Davies, Paul. The Demon in the Machine: How Hidden Webs of Information are Solving the Mystery of Life. London: Allen Lane, 2019. This latest volume since 2010 by the British physicist and popular author presently at Arizona State University as director of the BEYOND Center for Fundamental Concepts in Science is reviewed much more in The Information Computation Turn section.

Davies, Paul. The Goldilocks Enigma. London: Allan Lane, 2006. In his latest work, astrophysicist and author Davies tours the widest cosmic expanses now reaching to ensembles of universes, which constitute a multiverse, and to the deepest issues this vista may imply. To set the scene, the first half of the book proceeds apace through the physics of string theory, dark matter and energy, anthropic principles, paths to unification, and so on. But Davies’ interest, following upon earlier volumes, is to explain “A Universe Fit for Life.” How can a cosmos which gives rise to earthly nature, mind and humans, seemingly due to innate properties, be squared with a moribund physical milieu? Many options are duly considered, including a Divine designer, and at some length that the “just right” conditions of our universe are a lucky dice roll out of an infinity of possibilities.

But all this is unsatisfactory to Davies, a premier thinker in this regard, who goes on to propose an as yet fully specified “life principle” as the source of such complex, teleological emergence. But his most innovative resolve is to endorse and bring to the fore the cosmological theories of renowned Princeton physicist John Archibald Wheeler. For we seem to ultimately abide in a “self-creating, self-explaining, self-understanding universe-with-observers.” An act of human sentient observation is required, some kind of backward causation, for it to come into existence. This surmise has august ramifications for again placing the human phenomenon at the center of creation.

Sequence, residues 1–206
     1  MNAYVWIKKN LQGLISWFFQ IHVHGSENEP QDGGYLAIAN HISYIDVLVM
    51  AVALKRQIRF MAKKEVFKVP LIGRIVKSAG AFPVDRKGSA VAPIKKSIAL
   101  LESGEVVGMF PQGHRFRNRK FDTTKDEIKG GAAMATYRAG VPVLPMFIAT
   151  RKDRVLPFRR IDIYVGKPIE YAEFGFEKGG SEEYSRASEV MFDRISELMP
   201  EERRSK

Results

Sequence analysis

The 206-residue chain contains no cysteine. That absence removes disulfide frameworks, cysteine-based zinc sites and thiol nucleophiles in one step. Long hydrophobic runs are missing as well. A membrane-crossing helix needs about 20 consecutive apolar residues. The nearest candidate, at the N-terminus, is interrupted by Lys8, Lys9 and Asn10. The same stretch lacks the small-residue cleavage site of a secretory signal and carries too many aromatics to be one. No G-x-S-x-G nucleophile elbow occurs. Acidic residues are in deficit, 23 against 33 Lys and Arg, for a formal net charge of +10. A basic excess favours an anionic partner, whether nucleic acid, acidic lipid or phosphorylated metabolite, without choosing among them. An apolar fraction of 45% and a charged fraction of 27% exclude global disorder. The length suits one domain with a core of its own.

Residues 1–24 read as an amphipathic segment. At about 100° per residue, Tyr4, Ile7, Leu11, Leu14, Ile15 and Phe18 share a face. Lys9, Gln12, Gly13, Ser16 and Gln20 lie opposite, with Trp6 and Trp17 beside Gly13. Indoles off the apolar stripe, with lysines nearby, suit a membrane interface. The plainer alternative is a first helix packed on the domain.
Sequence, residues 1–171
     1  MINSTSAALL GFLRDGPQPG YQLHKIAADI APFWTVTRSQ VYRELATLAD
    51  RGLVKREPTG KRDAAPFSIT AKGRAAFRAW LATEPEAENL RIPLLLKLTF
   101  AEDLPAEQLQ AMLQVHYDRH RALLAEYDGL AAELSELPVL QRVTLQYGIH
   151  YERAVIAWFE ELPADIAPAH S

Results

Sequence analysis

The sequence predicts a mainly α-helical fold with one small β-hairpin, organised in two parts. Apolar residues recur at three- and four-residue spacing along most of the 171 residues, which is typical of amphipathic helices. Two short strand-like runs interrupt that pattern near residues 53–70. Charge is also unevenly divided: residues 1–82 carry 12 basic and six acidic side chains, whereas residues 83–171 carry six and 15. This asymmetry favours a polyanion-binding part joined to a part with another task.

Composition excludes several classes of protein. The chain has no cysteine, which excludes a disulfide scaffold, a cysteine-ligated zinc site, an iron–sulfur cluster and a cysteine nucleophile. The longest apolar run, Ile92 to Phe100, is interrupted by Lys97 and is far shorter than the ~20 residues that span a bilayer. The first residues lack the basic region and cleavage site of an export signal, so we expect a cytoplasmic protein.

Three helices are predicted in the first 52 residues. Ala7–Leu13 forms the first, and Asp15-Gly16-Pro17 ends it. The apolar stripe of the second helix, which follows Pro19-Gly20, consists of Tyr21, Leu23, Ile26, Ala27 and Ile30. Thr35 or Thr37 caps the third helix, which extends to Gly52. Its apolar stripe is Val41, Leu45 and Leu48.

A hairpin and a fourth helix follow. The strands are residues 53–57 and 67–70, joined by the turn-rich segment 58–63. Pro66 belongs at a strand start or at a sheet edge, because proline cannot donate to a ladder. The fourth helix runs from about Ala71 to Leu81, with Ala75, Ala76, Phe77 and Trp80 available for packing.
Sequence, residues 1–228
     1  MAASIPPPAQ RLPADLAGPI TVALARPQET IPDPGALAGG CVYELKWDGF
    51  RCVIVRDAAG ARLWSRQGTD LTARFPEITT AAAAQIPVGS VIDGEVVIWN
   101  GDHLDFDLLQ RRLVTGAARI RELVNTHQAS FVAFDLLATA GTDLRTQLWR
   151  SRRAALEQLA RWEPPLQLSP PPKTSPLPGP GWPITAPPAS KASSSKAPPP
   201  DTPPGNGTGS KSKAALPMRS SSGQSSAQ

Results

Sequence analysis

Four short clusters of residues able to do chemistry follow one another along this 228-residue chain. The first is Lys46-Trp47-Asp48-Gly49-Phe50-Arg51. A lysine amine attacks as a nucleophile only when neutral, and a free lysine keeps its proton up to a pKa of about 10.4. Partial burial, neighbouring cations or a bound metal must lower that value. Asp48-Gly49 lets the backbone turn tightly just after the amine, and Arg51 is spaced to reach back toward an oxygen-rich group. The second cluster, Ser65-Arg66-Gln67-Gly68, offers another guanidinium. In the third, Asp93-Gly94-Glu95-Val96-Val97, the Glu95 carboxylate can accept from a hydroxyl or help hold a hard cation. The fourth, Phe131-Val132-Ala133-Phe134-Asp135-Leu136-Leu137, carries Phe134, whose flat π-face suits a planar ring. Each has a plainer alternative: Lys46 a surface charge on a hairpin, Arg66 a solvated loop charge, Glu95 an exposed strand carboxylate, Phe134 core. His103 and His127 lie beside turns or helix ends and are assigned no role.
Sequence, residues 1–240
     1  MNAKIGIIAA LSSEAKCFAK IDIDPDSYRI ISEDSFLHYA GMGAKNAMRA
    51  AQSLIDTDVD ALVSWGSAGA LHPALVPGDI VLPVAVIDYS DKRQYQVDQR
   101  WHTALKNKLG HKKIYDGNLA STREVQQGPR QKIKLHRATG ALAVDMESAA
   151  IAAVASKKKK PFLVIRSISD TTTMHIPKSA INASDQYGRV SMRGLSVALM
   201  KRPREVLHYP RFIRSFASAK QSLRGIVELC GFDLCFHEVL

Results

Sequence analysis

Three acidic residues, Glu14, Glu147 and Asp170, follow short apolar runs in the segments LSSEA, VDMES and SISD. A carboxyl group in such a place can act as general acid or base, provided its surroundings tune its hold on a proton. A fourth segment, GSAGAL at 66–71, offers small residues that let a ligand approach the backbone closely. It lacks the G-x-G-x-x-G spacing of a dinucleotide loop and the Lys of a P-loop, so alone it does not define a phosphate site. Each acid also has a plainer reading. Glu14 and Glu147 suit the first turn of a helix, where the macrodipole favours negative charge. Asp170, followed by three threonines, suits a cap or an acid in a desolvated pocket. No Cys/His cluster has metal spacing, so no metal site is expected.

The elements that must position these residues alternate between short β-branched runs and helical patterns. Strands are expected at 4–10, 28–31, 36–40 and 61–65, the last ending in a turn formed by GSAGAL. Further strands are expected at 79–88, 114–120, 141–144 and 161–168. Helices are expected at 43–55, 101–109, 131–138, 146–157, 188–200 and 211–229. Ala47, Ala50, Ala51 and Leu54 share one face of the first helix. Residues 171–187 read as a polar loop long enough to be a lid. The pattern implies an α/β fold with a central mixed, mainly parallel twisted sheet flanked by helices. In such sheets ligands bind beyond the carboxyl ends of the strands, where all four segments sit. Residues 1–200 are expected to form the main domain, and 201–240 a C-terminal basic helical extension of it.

First published in the UK, a US edition by Houghton-Mifflin came out in 2007 with the usual sensational and inaccurate title of Cosmic Jackpot.

I am convinced that human understanding of nature through science, rational reasoning and mathematics points to a much deeper connection between life, mind and cosmos than emerges from the crude lottery of multiverse cosmology combined with the weak anthropic principle. (261-262) So our universe possesses laws and states which not only permit self-simulation, they also permit self-comprehension. The cosmic rule book, in being fit for life and in facilitating the eventual emergence of consciousness, has not only ensured that the universe has constructed its own awareness. The cosmic scheme has also constructed an understanding of the cosmic scheme. (288)

My own inclinations, it will be clear, lie in the directions of E, (The Life Principle) and F, (The Self-Explaining Universe) although there are many details to be worked out. I do take life, mind and purpose seriously, and I concede that the universe at least appears to be designed with a high level of ingenuity. I cannot accept these features as a package of marvels which just happen to be, which exists reasonlessly. It seems to me that there is a genuine scheme of things – the universe is ‘about’ something. (302)